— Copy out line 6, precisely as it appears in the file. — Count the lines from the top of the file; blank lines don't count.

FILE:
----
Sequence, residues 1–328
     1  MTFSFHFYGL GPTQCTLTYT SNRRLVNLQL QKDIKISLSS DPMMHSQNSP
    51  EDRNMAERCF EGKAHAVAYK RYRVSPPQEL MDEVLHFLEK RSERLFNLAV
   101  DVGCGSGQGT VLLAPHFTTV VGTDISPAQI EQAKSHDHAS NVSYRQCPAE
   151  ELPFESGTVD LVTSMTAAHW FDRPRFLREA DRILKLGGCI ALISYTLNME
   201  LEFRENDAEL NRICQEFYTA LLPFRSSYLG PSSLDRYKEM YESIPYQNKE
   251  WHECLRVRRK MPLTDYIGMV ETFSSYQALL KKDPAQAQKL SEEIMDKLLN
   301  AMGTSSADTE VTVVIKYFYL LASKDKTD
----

   201  LEFRENDAEL NRICQEFYTA LLPFRSSYLG PSSLDRYKEM YESIPYQNKE